« Reply #10 on: December 11, 2012, 10:56:23 PM »
I notice this thread is already a year older, but I was amazed by the replies posted in here. You guys seemed to know a lot when it comes to survival stuff, I learned a lot from you.  :laugh: Apparently, when it comes to survival, food will always be part of it so if in case you'll be needing some help in purchasing some goods in preparation for possible disaster, might as well check out XXXXXXX for possible assistance.


I removed your link.  (url)
Please check with admin before posting an advertisement.  Thank you.
« Last Edit: December 12, 2012, 06:11:25 AM by walkstall »
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Offline BILLY Defiant

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Re: Group Survival Exercise
« Reply #11 on: December 30, 2012, 07:36:25 PM »
Sorry to have answered this so late.

I would consider the axe the most important survival tool, you need a cutting instrument or devise in ANY survival situation FIRST.

So with the Axe I can cut firewood, fire wood to keep warm in the cold, and getting firewood and starting a fire with the materials listed
Steel wool Lighter, Alcohol (which can be used as fuel for the fire) is the #1 priority...the cold can kill you in a matter of an hour or so. Who ever is cutting the wood needs to wear the most clothes.

The Axe can be used to modify your shelter or to salvage parts off the wrecked (aluminum) airplane to build a better shelter or form other tools from the metal material or cut the rubber tires of the airplane & can be used for a type of snow shoe to negotiate thru the snow.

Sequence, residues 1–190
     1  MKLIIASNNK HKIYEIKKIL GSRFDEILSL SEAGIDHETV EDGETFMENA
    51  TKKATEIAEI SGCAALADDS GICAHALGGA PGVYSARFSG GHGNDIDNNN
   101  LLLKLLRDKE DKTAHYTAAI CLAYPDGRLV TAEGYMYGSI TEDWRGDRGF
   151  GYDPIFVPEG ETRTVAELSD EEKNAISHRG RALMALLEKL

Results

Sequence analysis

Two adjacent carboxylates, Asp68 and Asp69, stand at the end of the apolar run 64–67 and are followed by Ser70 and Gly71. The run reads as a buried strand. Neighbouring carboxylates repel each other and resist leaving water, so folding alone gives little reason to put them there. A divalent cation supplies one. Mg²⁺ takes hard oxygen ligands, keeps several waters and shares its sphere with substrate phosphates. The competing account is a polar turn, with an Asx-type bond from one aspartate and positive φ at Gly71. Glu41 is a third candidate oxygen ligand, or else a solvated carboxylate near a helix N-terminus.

The pistol is important, a 45 could be down a larger game animal such as a deer, Caribou or Turkey...so much the better if the animal is stranded in the snow. Use the axe to butcher and cook the animal.

I would build the fire up really high, attract a rescue party, if not delegate the strongest and fittest of the survivors to go for help using the map, compass and improvised snow shoes and warmest clothing.

Billy

 
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Offline Eyesabide

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Re: Group Survival Exercise
« Reply #12 on: January 06, 2013, 07:05:39 PM »
Thanks, Billy! This thread has sadly been unused for too long- it should have generated more opinions. No opinion is wrong in this kind of exercise, but I wonder why you feel that a person expending heat energy should wear more clothing/ insulation than the others? It makes sense that they should have some insulating layers after chopping wood, but why wear heavy layers while working hard?
Why do police cars almost always arrive in pairs? Because every officer knows that when seconds count, the police are only minutes away.